Fallen Fruit Magazine: San Bernardino Edition

Fallen Fruit Magazine by Fallen Fruit

DOWNLOAD Fallen Fruit Magazine, San Bernardino Edition, HERE

The zine workshops will result in the creation of a Fallen Fruit San Bernardino Magazine, celebrating our countywide community! Printmaker David Burns and Austin Young of Fallen Fruit along with guest artist Uncle Bacon (a.k.a. Bob Hurton) and Inlandia Poet Laureate, Nikia Chaney help guide participants through collage, illustrations and short written text. The final document is an electronic PDF available free for download.

See more about San Bernardino projects HERE

The Endless Orchard events included a public fruit tree adoption at the Feldheym Library, and a “plant the perimeter” event at the Garcia Center for the Arts. What if instead of going to the grocery store for an apple, you just walked outside your door? Fallen Fruit helps the community to create a real living fruit orchard planted by the public, for the public – a movement of citizens transforming their own neighborhoods. Neighbors adopt fruit trees and plant them next to the sidewalk to share with the community.  Participants sign an adoption form, agreeing to care for and share the fruit tree. Trees are mapped on the San Bernardino Endless Orchard Map- where anyone can map, plant and share fruit. The anchor of this map will be 12 trees planted on the grounds of the Garcia Center for the Arts.

Fallen Fruit – yay 2018!

Monument to Sharing by Fallen Fruit (David Allen Burns and Austin Young)
We hope you have a beautiful and fruitful 2019! 

 A big thank you to all friends, collaborators, supporters, and collectors. And a special thank you to all our partners. We wouldn’t be able to do this without you. Help us continue grow this important work and transform community.
Let’s make fruit trees publicly accessible everywhere – our cities could be like communal gardens. Share your fruit!  

With Love,
David and Austin
“Fallen Fruit Cocktail’ on the cover of ART NEWS magazine, Winter 2019

We exceeded prior attendance records at Newcomb Art Museum and our installation ‘Theater of the Sun’ was the most instagramed site in Palermo! We were in the NY Times twice! Here are some highlights of 2018:

Fallen Fruit of New Orleans- Endless Orchard! 300 fruit trees in New Orleans! 

EMPIRE our exhibition at Newcomb Art Museum, New Orleans




THEATER OF THE SUN Manifesta 12, Palermo


FRUIT COCKTAIL Fallen Fruit at Manifesta 12, Palermo

CONSUMED by Ligaya Mishan in the NY Times Magazine

TODO INCLUIDO: Estás Como Mango Remixed,  OPC, Puerto Vallarta

FALLEN FRUIT interview by Cameron Shaw


”Orange you glad i didn’t say banana?” participatory art at San Bernardino Art Museum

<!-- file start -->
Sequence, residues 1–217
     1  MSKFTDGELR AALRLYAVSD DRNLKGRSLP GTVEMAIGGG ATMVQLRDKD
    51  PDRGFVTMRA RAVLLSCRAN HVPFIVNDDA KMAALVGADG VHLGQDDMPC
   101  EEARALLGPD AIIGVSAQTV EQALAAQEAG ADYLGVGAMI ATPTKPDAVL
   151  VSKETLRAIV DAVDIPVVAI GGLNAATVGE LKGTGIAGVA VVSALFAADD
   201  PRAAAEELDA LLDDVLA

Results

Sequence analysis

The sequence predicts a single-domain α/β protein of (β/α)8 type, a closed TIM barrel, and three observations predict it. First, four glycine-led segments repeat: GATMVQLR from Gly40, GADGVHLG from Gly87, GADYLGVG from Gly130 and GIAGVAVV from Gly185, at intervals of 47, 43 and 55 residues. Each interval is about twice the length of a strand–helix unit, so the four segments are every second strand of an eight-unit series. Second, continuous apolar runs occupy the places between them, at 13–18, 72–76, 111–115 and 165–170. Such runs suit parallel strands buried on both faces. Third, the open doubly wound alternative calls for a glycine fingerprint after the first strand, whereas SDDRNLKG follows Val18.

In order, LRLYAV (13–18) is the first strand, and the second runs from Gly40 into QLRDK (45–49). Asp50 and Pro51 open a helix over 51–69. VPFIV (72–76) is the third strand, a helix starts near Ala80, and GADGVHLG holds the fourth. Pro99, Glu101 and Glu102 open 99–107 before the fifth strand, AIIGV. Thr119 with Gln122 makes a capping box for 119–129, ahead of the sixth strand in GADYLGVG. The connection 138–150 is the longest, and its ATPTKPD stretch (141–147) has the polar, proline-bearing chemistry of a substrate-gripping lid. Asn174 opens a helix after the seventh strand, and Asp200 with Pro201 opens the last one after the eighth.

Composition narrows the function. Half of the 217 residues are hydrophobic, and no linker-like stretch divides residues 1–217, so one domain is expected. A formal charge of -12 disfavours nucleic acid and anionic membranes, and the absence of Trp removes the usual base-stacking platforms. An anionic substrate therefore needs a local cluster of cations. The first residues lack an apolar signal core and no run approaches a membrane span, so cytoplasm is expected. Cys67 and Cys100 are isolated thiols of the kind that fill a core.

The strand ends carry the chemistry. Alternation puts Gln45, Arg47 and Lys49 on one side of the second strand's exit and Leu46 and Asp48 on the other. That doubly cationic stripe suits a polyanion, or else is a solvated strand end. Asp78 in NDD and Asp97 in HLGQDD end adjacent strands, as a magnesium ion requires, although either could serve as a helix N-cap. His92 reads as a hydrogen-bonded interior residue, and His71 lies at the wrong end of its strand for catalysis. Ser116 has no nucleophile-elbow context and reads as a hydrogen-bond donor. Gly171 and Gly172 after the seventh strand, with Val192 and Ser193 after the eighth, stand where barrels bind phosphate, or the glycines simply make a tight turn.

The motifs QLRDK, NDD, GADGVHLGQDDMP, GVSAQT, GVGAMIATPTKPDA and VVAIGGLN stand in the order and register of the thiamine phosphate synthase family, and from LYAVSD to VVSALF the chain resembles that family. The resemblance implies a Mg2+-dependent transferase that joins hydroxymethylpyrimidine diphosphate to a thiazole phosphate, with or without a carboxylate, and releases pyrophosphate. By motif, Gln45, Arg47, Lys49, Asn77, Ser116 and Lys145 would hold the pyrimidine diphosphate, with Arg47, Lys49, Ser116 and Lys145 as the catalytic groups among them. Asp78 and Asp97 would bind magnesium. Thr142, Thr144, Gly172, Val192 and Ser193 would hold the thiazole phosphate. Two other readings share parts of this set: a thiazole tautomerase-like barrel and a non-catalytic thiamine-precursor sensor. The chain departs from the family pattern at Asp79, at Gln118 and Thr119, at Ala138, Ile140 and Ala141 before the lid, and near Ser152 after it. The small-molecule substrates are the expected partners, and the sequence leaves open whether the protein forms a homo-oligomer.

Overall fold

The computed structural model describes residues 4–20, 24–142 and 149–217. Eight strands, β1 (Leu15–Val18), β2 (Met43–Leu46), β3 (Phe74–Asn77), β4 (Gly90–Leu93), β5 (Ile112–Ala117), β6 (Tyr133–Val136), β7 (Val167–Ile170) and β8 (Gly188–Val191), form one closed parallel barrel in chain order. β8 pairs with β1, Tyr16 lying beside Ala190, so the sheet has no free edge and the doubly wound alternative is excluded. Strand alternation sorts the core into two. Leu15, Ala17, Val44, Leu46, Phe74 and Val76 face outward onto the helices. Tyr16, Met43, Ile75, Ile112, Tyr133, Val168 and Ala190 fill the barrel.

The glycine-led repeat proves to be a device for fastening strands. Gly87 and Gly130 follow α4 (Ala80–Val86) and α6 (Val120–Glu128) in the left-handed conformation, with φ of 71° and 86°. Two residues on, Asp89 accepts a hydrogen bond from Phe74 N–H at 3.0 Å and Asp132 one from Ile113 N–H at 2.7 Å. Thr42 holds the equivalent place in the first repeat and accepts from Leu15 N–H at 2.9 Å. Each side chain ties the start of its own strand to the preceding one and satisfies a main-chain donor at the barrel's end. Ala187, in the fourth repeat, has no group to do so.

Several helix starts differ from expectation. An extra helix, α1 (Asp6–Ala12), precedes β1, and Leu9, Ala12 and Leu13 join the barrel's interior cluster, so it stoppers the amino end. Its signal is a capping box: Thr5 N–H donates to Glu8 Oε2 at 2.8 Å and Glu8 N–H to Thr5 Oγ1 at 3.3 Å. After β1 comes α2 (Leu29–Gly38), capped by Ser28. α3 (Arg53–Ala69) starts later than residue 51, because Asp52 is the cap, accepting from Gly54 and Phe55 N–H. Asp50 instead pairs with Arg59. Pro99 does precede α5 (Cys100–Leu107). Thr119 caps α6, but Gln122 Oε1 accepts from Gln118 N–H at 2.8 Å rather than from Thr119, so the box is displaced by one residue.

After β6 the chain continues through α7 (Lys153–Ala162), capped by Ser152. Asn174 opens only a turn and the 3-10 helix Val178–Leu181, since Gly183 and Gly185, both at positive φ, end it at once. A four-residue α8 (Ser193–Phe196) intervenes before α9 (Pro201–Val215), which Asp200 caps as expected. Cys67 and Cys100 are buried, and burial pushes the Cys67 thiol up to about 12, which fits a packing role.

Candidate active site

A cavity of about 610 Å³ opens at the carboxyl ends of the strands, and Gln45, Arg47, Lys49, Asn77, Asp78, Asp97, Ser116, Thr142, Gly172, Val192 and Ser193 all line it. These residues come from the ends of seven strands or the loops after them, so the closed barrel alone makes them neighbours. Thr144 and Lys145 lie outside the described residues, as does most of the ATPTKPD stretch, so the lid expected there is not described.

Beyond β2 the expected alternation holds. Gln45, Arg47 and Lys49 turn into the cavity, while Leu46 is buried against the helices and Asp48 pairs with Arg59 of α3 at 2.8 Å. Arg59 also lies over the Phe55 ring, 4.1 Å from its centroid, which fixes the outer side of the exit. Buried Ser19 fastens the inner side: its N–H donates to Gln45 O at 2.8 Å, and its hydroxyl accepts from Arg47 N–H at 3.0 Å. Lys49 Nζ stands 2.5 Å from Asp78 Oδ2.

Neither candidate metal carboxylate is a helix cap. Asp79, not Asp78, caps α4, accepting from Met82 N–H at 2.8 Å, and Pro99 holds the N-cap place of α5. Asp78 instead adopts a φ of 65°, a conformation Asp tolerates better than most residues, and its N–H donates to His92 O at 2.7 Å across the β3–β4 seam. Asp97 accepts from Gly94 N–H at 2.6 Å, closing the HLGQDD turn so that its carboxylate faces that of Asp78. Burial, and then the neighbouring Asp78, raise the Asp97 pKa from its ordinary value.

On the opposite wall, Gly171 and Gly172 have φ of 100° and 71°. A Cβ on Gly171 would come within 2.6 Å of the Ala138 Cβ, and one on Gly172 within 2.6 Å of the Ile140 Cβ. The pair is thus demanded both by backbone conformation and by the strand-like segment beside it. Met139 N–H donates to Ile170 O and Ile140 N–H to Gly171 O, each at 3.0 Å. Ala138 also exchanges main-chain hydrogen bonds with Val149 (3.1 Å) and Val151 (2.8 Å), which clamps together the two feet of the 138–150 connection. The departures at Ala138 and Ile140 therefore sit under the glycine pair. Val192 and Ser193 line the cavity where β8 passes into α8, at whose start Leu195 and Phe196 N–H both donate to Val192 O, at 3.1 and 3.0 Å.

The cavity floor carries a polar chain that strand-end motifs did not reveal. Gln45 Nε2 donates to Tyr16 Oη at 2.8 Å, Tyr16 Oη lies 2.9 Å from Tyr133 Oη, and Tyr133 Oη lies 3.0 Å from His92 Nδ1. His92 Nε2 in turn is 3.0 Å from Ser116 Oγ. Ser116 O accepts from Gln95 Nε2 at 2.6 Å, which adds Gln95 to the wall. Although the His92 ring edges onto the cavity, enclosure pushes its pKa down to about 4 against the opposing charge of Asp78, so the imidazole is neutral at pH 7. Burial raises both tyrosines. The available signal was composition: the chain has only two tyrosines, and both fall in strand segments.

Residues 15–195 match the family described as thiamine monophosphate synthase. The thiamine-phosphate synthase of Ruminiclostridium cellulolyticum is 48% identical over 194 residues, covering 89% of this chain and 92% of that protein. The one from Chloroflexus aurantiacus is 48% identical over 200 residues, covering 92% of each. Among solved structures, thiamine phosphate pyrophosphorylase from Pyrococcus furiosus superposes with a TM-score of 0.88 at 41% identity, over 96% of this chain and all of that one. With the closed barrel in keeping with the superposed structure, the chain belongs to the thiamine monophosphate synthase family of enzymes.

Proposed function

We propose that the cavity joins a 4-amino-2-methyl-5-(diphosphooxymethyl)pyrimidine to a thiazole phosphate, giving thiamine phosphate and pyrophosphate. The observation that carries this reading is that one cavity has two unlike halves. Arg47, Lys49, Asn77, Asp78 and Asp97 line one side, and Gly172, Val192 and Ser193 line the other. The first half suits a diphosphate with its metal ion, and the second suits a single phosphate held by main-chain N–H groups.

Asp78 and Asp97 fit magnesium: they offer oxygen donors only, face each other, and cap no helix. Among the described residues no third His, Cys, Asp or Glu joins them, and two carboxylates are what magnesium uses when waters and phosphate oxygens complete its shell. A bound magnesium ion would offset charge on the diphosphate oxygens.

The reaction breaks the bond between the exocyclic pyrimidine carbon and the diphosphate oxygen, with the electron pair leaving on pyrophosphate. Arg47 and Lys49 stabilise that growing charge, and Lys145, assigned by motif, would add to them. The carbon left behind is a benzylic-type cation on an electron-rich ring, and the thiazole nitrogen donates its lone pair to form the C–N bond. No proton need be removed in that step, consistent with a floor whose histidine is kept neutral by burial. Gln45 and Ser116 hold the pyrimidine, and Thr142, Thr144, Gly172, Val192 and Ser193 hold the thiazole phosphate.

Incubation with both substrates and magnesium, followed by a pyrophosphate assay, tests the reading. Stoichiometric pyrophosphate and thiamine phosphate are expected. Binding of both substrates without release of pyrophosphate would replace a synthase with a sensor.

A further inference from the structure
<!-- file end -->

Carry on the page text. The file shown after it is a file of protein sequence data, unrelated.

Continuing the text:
RIM OF THE WORLD FRUIT PARK, San Bernardino County



FALLEN FRUIT MAGAZINE! San Bernardino Edition!

PUBLIC ART NETWORK AWARD  Stoneview Nature Center

THE ENDLESS ORCHARD at Manual Arts High School

Fallen Fruit’s first ever MASTER CLASS at Stoneview Nature Center

PANORÁMICA, Ex Convento del Carmen, Guadalajara, Mexico


Fallen Fruit in LALA Magazine

ALL TOMORROW’S PARTIES  The Bunker, West Palm Beach 
THE MONUMENT TO SHARING at Los Angeles State Historic Park

A special thank you to Manifesta, Newcomb Art Museum, Pelican Bomb, A Studio In the Woods, San Bernardino Arts Council, Garcia Center for the Arts, OPC, New Orleans Department of Parks, CSED, Palazzo Butera, 21c Museum Hotel, Beth Rudin DeWoody and The Bunker, Joanna Glovinsky, and everyone who joined us on our journey this year!

Fulcrum Arts is a 501(c)(3) charitable organization. Donations to Fallen Fruit are tax deductible to the full extent of the law under Federal ID 95-2540759.

Fallen Fruit on the cover of ART NEWS

Fallen Fruit artwork on the cover of the new ARTnews Magazine! https://www.artnews.com/toc/los-angeles-now-winter-2019/

COVER Performance view of Fallen Fruit’s ‘Fruit Cocktail,’ 2017, with Rianna Petrone in front of the duo’s art (Austin Young and David Allen Burns)  art installation, ‘All Tomorrow’s Parties,’ at The Bunker, curated by Laura Dvorkin Maynard Monrow and Phillip Estlund West Palm Beach, Florida. commissioned by Beth Rudin DeWoody photo courtesy of Fallen Fruit.

Thank you Art News, The Bunker, and thank you to everyone who participated in the performance of “Fruit Cocktail” Kataleya Davenport Dupree Ariel Rimm-Chanel and Rianna Petrone Our art installation ‘All Tomorrow’s Parties’ is on view at The Bunker. And Rianna’s genius strawberry Gibson hairdo!


In 2018, with your help, we planted more than 400 fruit trees for sharing including 6 public fruit parks and and we have more planned for 2019. Join us! Sponsor a fruit tree for a $90 donation and help grow the ENDLESS  ORCHARD. For $300 you can dedicate a tree to loved one with a brass tag and $1000 will sponsor a public picnic table. All fruit is shared and accessible to the public. 

The ENDLESS ORCHARD builds community through expanding public access to fresh fruit.  

Fulcrum Arts is a 501(c)(3) charitable organization. Donations to Fallen Fruit are tax deductible to the full extent of the law under Federal ID 95-2540759.